Immigration and Swedish Schools

Hanif Bali investigates the share of pupils in Sweden who fail to quality for high-school (“obehöriga”),  concluding that recently arrived immigrants cause declining outcomes. Bali is however wrong in one regard. Since outcomes among non-recent immigrants is unchanged, he concludes that “it is only the results of children who have migrated after the school start which are lowering school results”

When analyzing the impact of immigration on the national average, it is not sufficient to look at the mean of immigrant outcomes. It is also important to look at how changes in the immigrant population share affects the national average.

Between 2000-2010 the share of Swedish pupils who do not quality for high-school increased somewhat, from 10.6% to 11.8%.  Interestingly the share of native Swedes who failed remained constant at 9%. The decline in the national average is entirely driven by students who have a foreign background. 

The increase in the population share of second generation immigrants alone appears to have caused about 30% of the decline in aggregate outcomes, even though the group did not perform worse than they did ten years ago

DNs editorial page writes that it is wrong to link immigration to the education debate, noting that “recently arrived immigrants are too few to have a decisive impact” and that citing immigration as the cause of declining school results would “lead the debate into a side track”. 

A variable hardly has to be “decisive” to be discussed. As long as immigration is causing part of the decline in Swedish outcomes it should be part of the debate. This especially because we are not aware of a single “decisive” cause of declining school results, a phenomenon which may have multiple causes. If you want to explain the decline of high-school pupils who qualify for high-school between 2000-2010, immigration was indeed “avgörande”, causing 100% of the decline. Immigration is an non-negligible part of declining PISA scores and is a major driver (perhaps the main driver) of increased inequality in Swedish school outcomes.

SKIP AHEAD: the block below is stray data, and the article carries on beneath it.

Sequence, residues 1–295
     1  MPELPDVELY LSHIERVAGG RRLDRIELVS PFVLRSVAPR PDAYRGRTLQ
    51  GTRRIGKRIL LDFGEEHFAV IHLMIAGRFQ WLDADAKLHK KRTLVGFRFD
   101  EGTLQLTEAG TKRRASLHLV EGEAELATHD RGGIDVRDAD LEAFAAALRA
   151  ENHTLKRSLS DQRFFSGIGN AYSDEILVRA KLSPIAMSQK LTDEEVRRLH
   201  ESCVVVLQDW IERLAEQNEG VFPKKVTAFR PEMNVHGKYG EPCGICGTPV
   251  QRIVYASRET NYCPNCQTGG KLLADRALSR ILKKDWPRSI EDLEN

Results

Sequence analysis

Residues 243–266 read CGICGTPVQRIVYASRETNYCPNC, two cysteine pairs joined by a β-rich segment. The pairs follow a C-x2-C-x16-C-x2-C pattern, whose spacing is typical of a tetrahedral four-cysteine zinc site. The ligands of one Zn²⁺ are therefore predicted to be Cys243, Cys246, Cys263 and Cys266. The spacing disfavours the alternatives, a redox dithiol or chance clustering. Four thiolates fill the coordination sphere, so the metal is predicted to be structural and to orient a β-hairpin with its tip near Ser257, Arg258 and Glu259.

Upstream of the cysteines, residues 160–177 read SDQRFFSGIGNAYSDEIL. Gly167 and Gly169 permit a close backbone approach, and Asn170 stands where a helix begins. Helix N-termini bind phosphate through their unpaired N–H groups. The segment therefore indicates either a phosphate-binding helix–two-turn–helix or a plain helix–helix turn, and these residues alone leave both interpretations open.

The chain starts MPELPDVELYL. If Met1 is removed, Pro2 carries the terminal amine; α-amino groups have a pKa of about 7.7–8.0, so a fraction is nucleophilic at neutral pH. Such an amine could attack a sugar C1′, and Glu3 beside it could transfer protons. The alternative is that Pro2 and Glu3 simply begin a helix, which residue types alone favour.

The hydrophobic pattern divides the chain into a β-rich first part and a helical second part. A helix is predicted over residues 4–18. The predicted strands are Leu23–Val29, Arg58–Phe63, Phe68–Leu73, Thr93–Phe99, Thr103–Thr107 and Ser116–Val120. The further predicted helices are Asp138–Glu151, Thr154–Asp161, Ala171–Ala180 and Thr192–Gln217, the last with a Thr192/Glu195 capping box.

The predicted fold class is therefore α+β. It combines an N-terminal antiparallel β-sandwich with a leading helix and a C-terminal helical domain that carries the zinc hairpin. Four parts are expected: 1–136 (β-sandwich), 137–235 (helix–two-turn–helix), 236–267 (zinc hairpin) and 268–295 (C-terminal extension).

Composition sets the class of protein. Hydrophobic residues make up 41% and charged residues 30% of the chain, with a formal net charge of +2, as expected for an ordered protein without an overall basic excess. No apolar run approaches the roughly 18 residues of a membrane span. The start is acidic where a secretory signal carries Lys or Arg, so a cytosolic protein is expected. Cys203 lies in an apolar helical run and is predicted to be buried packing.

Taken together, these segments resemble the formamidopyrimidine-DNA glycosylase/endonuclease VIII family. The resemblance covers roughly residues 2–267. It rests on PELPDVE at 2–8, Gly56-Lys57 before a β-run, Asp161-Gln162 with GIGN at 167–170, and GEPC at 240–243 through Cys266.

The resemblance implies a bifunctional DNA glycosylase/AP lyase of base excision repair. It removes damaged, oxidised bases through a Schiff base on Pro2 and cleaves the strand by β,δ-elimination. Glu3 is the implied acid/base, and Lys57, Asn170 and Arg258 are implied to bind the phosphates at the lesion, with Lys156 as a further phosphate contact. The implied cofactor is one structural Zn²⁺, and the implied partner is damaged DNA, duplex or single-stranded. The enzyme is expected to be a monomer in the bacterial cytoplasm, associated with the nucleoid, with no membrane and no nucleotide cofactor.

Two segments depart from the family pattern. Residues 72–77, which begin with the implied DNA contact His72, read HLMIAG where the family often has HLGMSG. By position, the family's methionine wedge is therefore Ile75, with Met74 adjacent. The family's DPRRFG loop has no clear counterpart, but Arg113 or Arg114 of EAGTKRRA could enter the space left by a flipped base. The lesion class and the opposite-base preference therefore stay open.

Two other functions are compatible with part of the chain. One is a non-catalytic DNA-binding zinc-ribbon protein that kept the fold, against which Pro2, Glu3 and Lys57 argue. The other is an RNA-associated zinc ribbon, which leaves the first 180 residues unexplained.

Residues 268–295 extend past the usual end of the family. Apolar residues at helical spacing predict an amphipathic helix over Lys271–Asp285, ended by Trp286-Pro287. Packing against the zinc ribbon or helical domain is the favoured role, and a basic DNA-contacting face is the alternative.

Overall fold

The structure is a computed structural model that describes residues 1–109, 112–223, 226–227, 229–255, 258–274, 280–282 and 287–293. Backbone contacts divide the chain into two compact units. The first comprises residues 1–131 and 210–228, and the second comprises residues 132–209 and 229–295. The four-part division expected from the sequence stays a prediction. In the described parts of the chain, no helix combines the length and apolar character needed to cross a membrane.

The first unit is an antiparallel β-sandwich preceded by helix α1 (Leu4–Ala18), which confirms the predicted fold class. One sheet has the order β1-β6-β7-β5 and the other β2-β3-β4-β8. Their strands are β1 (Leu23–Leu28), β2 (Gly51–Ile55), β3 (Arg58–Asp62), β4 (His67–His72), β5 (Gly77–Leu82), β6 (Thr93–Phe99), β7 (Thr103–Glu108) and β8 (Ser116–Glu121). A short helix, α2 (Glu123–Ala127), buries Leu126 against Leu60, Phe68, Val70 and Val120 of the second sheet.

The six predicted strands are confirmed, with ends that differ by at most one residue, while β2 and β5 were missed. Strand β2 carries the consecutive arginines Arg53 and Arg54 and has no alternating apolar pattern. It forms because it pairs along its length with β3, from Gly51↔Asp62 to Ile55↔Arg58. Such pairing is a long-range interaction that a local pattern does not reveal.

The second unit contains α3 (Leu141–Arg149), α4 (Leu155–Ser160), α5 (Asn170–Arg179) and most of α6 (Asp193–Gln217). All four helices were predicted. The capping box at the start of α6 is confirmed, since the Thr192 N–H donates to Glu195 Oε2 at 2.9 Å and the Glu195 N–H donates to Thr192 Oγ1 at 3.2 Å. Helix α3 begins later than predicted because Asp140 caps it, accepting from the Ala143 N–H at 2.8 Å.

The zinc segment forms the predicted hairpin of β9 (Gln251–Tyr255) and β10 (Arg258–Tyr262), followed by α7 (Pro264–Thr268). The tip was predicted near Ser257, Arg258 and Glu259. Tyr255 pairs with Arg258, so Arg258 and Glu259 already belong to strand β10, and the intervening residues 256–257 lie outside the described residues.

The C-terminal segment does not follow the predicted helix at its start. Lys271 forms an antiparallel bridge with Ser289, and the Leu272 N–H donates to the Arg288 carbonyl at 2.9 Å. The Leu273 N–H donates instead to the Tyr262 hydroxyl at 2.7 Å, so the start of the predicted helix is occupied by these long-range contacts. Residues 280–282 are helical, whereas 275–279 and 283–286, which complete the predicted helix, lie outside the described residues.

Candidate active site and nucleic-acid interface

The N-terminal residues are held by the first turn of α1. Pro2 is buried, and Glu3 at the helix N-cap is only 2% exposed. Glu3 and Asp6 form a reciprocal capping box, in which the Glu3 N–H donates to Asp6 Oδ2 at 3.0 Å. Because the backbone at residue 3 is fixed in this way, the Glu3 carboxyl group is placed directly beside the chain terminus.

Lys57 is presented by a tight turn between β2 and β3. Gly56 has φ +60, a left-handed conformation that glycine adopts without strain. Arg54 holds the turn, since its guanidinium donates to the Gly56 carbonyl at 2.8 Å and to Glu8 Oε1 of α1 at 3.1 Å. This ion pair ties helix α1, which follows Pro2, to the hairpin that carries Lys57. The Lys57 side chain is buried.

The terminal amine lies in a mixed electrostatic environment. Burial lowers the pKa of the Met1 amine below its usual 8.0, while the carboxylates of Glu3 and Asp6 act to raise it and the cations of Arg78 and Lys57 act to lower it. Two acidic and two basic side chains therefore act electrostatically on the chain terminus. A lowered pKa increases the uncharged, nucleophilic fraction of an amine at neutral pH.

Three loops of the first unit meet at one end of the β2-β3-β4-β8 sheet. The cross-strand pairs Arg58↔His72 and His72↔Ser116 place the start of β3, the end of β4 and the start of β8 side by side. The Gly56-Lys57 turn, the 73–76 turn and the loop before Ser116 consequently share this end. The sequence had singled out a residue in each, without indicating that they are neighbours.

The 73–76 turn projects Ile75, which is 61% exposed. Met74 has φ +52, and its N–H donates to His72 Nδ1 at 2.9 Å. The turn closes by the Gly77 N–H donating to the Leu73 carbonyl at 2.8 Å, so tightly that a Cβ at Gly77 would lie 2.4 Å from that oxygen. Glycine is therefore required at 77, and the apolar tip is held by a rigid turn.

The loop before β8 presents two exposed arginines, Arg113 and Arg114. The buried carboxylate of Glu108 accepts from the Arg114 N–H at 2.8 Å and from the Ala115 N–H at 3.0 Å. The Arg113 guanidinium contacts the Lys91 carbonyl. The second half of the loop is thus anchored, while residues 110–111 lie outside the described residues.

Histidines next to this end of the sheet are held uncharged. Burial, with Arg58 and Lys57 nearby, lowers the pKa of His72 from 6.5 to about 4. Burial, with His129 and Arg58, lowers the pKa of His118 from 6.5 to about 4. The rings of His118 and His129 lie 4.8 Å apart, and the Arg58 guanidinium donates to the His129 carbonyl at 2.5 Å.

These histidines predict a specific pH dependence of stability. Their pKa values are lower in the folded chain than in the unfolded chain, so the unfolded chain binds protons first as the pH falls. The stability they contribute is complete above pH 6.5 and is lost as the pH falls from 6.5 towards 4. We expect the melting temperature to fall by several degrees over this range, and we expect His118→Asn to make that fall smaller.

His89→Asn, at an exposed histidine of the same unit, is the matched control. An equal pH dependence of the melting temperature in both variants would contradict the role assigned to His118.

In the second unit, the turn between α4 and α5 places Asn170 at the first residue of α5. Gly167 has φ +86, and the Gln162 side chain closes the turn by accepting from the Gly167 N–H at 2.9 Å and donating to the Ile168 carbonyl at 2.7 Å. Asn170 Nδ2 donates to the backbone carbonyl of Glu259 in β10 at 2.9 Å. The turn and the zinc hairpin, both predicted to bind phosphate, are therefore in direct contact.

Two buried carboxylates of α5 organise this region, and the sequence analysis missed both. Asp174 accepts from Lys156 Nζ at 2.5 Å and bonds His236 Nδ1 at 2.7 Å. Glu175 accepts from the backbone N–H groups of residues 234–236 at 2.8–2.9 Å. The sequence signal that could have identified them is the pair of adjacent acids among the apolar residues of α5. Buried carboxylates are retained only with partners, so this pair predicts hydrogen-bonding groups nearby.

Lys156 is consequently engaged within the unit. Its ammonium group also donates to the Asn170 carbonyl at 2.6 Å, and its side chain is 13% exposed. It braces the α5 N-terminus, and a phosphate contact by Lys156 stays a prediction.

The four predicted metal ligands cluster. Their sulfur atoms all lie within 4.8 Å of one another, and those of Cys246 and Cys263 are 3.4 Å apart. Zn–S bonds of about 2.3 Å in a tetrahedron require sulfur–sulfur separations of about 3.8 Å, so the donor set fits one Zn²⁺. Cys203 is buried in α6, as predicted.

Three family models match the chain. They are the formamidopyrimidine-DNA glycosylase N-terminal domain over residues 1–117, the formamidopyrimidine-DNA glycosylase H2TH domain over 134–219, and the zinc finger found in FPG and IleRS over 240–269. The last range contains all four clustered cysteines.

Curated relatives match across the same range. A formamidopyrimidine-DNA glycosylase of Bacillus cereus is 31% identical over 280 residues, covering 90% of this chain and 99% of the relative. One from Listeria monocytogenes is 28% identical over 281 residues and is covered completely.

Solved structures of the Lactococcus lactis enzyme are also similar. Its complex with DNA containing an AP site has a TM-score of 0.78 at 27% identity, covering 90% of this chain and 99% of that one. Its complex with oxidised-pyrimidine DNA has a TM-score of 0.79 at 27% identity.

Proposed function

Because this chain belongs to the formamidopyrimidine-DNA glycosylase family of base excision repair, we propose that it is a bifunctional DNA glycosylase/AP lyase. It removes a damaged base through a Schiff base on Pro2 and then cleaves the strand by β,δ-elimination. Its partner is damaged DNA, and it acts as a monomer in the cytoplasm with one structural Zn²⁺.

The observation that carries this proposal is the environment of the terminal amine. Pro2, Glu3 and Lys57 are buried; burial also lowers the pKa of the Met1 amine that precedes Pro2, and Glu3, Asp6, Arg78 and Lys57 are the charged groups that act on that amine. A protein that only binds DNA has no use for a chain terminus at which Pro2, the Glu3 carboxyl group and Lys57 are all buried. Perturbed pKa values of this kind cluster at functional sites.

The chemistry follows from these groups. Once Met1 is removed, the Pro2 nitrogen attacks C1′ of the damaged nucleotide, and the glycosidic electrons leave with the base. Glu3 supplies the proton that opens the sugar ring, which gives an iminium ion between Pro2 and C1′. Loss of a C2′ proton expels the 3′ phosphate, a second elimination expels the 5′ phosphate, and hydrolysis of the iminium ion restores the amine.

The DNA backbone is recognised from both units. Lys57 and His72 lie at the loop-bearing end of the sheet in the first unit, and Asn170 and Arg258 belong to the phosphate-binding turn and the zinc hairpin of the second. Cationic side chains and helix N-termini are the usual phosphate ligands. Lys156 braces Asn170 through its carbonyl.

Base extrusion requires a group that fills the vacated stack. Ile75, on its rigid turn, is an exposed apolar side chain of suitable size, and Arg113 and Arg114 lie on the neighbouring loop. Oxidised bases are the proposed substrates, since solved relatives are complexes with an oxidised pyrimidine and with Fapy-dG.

It is not a valid argument to say that immigration cannot drive education outcomes because “recently arrived immigrants” are too few. You also have to look at non-recent and second generation immigrants, who also have lower average scores than native Swedes.

Another thing DN doesn’t appear to understand is that the test scores of native Swedes is not unrelated to immigration. Immigrant children on average need more help and take educational resources from native children. If immigration increases the level of disruption in schools it significantly hurts native education outcomes. Some education researchers believe that students who are in classes with worse pupils perform worse themselves. There is some empirical evidence that immigration lowers the test-score of natives, thought it likely depends on country of origin and the type of immigrants. 

The reason the DN editorial page doesn’t want the role of immigration for education outcomes to be discussed is not that it is not relevant. It’s that they championed large-scale immigration and don’t like it when voters find out about the negative effects of these policies.


In the comments Per Gudmundson point out this study, which finds that native Swedes do worse in schools with a higher share of immigrant pupils. This is a correlation study so we should not interpret this is having established causality. There exists data on exogenous placement of refugees in municipalities in Sweden during 1985–1994, used in several high-quality studies. Someone should use it to look at school-results.

As I have written about previously, the poor performance of immigrants does not explain more than a part of the huge decline in Swedish Pisa-scores. However it explains far more of the increase in the share of pupils who fail primary school. Immigration appears to be a more important explanation for what is happening among the worst-performing pupils, and not as important for the average, since immigrants are still few. In Pisa non-native students are a disproportionate share of the worse performers. My guess is that poor language skills and disruptive school-environments are the cause for this.


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